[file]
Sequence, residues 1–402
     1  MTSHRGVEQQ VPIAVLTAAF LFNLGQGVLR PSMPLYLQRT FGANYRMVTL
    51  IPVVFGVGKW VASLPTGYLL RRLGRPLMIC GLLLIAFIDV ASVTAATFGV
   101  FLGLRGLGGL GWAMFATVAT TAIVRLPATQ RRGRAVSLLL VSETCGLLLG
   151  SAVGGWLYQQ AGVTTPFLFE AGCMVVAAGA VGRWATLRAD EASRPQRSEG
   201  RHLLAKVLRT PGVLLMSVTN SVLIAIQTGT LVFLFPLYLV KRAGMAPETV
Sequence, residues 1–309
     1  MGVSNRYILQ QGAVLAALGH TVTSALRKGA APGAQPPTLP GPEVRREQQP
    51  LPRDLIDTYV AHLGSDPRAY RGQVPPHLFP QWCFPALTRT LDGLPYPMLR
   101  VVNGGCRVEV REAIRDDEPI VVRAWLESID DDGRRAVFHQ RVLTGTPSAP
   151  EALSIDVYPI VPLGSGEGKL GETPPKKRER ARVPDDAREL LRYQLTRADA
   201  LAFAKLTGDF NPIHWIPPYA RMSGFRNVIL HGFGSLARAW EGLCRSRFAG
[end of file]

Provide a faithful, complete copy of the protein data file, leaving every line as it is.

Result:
Sequence, residues 1–402
     1  MTSHRGVEQQ VPIAVLTAAF LFNLGQGVLR PSMPLYLQRT FGANYRMVTL
    51  IPVVFGVGKW VASLPTGYLL RRLGRPLMIC GLLLIAFIDV ASVTAATFGV
   101  FLGLRGLGGL GWAMFATVAT TAIVRLPATQ RRGRAVSLLL VSETCGLLLG
   151  SAVGGWLYQQ AGVTTPFLFE AGCMVVAAGA VGRWATLRAD EASRPQRSEG
   201  RHLLAKVLRT PGVLLMSVTN SVLIAIQTGT LVFLFPLYLV KRAGMAPETV
Sequence, residues 1–309
     1  MGVSNRYILQ QGAVLAALGH TVTSALRKGA APGAQPPTLP GPEVRREQQP
    51  LPRDLIDTYV AHLGSDPRAY RGQVPPHLFP QWCFPALTRT LDGLPYPMLR
   101  VVNGGCRVEV REAIRDDEPI VVRAWLESID DDGRRAVFHQ RVLTGTPSAP
   151  EALSIDVYPI VPLGSGEGKL GETPPKKRER ARVPDDAREL LRYQLTRADA
   201  LAFAKLTGDF NPIHWIPPYA RMSGFRNVIL HGFGSLARAW EGLCRSRFAG